image created by Margaux Peltat for the Chilled Cow YouTube channel
Time for #DEVDiscuss — right here on DEV 😎
Should Developers Specialize or Generalize?
Void⚡ ・ Jan 24 ・ 2 min read
Inspired by @codewithvoid's Top 7 post, tonight’s topic is...should you specialize or generalize as a developer? 🤔
- Have you chosen to specialize or generalize as a developer?
- What are the pros and cons of your approach?
- What are the pros and cons of the other approach?
- Any triumphs, fails, or other stories you'd like to share on this topic?
Top comments (20)
I would say: depends on the stage of your career.
For someone starting (<2 y), I would say “generalise” until you get more experience to be able to have more opportunities. Then, once you get more experienced and have found something you really enjoy in specific and believe would be a good place to become an “expert”.
Still, being able to learn new things and do whatever comes is the way to go, in my opinion. Depends also on the market.
Speaking as a someone who partakes in the hiring of developers: Some "specialist" roles, which are not that specialized, are really hard to hire for, but if we look for generalists, we get hundreds of applications.
I think you can learn 1+ "specialties" while still being open to more generalist roles and pursuits. Specializing can open opportunities, and you're never "only" a specialist, it's more how you play the game of career opportunism.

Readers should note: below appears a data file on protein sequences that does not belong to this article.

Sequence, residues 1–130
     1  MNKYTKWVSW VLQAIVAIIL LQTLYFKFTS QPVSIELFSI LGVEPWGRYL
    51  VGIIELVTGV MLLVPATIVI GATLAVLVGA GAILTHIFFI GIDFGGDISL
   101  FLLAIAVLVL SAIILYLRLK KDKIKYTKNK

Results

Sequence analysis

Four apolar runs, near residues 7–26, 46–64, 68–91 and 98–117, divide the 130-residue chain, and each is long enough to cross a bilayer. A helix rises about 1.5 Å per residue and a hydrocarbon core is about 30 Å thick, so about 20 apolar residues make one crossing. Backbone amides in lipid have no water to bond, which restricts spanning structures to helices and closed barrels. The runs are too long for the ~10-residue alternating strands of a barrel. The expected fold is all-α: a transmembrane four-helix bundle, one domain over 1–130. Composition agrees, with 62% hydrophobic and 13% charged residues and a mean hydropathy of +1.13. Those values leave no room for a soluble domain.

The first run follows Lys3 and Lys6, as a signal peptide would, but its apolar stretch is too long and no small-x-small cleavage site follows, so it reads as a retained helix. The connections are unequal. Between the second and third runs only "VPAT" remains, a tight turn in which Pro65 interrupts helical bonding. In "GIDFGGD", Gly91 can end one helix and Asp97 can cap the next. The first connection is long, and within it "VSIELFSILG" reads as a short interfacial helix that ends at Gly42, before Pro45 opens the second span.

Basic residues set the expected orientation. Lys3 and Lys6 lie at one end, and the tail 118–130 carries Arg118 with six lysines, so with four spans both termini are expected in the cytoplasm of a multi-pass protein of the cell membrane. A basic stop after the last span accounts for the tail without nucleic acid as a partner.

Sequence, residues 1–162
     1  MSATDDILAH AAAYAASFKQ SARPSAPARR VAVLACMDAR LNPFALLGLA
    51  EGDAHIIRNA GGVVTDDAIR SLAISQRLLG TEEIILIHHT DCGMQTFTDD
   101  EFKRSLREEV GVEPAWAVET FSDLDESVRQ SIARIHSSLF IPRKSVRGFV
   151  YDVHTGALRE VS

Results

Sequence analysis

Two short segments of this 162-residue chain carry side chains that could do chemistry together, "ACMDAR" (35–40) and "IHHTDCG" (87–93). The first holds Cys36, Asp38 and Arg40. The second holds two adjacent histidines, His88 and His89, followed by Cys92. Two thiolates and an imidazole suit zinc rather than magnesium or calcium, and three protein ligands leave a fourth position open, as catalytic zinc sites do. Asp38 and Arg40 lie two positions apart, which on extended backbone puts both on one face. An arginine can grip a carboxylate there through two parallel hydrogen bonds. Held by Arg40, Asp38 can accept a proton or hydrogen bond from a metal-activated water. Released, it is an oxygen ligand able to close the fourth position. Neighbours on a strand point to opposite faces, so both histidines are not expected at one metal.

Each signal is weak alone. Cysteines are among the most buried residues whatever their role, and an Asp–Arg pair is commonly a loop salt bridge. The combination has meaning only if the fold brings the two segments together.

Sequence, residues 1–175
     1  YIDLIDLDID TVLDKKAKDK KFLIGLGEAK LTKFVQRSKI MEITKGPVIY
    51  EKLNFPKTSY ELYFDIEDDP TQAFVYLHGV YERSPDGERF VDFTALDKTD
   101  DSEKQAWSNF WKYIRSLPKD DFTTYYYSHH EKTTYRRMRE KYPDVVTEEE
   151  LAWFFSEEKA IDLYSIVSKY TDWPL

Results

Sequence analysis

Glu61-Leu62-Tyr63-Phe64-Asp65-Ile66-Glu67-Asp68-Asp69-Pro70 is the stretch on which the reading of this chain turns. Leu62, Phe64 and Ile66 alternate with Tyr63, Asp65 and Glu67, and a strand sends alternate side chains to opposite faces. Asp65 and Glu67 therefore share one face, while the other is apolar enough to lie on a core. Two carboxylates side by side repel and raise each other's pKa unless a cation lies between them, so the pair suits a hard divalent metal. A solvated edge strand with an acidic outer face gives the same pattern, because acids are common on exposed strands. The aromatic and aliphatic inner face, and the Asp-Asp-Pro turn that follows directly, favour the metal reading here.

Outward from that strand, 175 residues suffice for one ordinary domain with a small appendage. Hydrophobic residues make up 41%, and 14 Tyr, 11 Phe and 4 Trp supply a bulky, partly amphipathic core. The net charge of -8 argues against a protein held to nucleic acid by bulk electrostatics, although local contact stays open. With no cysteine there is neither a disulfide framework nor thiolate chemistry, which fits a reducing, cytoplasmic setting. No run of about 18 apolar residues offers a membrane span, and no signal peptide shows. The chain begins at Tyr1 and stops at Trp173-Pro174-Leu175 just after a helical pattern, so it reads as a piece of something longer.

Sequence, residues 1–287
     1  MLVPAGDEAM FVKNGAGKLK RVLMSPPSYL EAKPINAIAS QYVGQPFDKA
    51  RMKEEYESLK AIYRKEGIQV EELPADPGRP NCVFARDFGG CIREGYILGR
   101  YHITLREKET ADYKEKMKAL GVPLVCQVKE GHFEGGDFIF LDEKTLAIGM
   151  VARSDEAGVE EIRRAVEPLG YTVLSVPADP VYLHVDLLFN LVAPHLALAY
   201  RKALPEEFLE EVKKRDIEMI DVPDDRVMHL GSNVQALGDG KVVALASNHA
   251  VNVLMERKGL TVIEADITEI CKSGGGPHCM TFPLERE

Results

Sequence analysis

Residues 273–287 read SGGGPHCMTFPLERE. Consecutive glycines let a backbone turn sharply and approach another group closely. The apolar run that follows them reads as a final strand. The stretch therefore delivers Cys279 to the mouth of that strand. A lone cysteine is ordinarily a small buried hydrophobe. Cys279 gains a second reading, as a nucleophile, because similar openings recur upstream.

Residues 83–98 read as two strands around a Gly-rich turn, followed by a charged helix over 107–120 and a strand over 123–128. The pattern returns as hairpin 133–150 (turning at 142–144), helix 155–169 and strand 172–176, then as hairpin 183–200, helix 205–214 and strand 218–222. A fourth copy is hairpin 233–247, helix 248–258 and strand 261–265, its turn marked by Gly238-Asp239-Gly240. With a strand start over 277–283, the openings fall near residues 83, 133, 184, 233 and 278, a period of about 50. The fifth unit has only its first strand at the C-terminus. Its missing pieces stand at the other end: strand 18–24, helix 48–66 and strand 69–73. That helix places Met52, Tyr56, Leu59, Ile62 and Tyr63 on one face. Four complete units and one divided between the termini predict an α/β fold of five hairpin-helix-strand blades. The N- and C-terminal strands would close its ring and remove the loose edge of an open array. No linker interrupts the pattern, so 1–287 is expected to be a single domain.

If you take that above info and think about doing some research and pursuing a certain amount of specialization — know a couple things:
In my opinion, generalizing is the way to go. The tech moves so fast that even if you specialize, there's a fair chance the thing you specialized in will be outdated within a matter of years. Flexibility and picking up new concepts quickly is the name of the game for developers, IMO.
I do think there's some middle ground on this when it comes to specializing in a higher-level way – specializing in Front-end Development, for example, vs React or Angular specifically. Focus on languages or skillsets, not frameworks, tools, or libraries.
Ultimately, though, I think most devs will naturally specialize over the course of their career based on the things they find most interesting and are most adept at. My advice would be: let it happen organically, and don't feel like you have to choose or force a specialization too early in your career!
This is a VERY good point. Imagine being specialized in something like Flash. 😥 Lotsa eggs in one basket.
I think it's honestly inevitable that at some point in a developer's career, they will end up "specialized" in a tech that gets depreciated. I've got a lot of hours logged in React, personally – I don't regret that choice, and it's been really beneficial to my career...and yet, at the same time, I'd be pretty surprised if it's what I'm still doing in 10 years.